Your project will include two main components: an in-class presentation and a written paper. Both of these are important parts of the project, and neither should be neglected in favor of the other. Both should exhibit your long and deep thought about your topic.
The in-class presentation is designed for your peers, so you should make it accessible to someone who is not familiar with your topic, but who has been involved in our class. Remember that they will be evaluating your presentation, so make sure it is understandable to them. The presentations will be 15 minutes, which is not a lot of time. You should practice your presentation so that you know it will go smoothly. All of your group members should participate in the presentation and should be prepared to answer questions about any aspect of the project.
The written portion should contain more detail than your in-class presentation. It should clearly present the mathematics involved in your project, and anything else that is important to your project. For example, those who are making models may want to talk about how they computed the various shapes involved in their models. You should be sure to explain the significance of your work (why did you select the models you did and what do we learn from them). Be particularly careful about how the 2D-3D analogies can be used to understand your 3D-4D objects. Be sure to cite any sources you used. Some projects may require longer reports than others, depending on the material, but I would expect that you would write between 6 and 10 pages.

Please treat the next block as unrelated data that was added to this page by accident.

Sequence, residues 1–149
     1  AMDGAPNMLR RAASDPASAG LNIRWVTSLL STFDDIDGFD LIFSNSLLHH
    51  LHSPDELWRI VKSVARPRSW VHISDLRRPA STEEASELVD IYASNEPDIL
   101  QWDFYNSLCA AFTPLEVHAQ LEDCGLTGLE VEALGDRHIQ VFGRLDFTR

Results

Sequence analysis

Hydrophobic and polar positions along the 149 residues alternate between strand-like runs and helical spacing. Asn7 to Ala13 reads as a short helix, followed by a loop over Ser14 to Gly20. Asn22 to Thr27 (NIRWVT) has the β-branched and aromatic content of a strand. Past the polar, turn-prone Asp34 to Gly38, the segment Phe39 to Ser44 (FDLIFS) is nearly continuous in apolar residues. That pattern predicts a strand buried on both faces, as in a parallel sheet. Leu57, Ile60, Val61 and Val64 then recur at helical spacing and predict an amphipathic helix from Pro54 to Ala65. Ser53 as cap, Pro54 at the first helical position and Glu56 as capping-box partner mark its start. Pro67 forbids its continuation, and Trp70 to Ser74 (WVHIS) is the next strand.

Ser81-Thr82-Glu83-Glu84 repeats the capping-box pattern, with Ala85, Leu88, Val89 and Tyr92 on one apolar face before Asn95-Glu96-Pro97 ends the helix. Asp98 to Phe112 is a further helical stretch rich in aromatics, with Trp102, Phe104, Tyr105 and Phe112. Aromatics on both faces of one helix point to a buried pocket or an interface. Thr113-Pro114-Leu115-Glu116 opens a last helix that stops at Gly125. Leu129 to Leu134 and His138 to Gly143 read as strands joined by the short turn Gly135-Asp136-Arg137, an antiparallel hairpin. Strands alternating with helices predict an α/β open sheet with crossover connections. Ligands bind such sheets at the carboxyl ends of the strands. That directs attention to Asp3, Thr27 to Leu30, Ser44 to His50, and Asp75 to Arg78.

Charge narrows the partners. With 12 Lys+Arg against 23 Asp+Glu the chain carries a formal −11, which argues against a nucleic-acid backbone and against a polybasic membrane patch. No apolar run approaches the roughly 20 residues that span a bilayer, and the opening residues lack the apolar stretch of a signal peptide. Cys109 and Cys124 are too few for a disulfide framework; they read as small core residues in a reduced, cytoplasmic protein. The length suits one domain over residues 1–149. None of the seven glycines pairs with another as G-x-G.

You will be graded on the following things:
Originality: 20% Quality of Writing: 15% Quality of Presentation: 15% Mathematical Content: 15%
Originality: This means that you should include something of your own in your project, both in the written and oral parts. This can be interpretations or speculations, but it must be something you thought of, not just repetition of material from class or your sources. For example, it can include things like methods of how you figured out the coordinates of your model, or how you determined the color-coding to use, or whatever.
Writing: This includes grammar, punctuation, spelling, flow, economy of thought, etc.; all the things you normally have to worry about when you write a paper. Just because this is a math course doesn't mean you can be sloppy in your writing habits. Since these are short papers, every sentence should count.
Some of you may wish to produce web pages as part of your project. These can count as the written portion, but I will apply the same standards to this written work as to a printed report. It should be carefully crafted to get your point across without excess of flash, glitz, noise, or poor writing.
Presentation: Your in-class presentation should be professional and planned out ahead of time. While you may think 15 minutes is a long time, it isn't. You will only be able to present three or four major ideas, so choose them carefully. Give your presentation organization as much thought as you would a written paper. Remember, you can't go back and erase it once you've said it!
Mathematical Content: Since this is a math course, your main subject should be the mathematics of dimension. You can certainly talk about the background and other aspects of your topic, but remember that the majority of your paper should be about how dimensions play a role in the topic. The more connections you can make to the material of the course, the better your project will be. Your paper and presentation should express your level of understanding of the mathematical material, so if there isn't any mathematical content, I will have to assume you don't have a high level of understanding of it.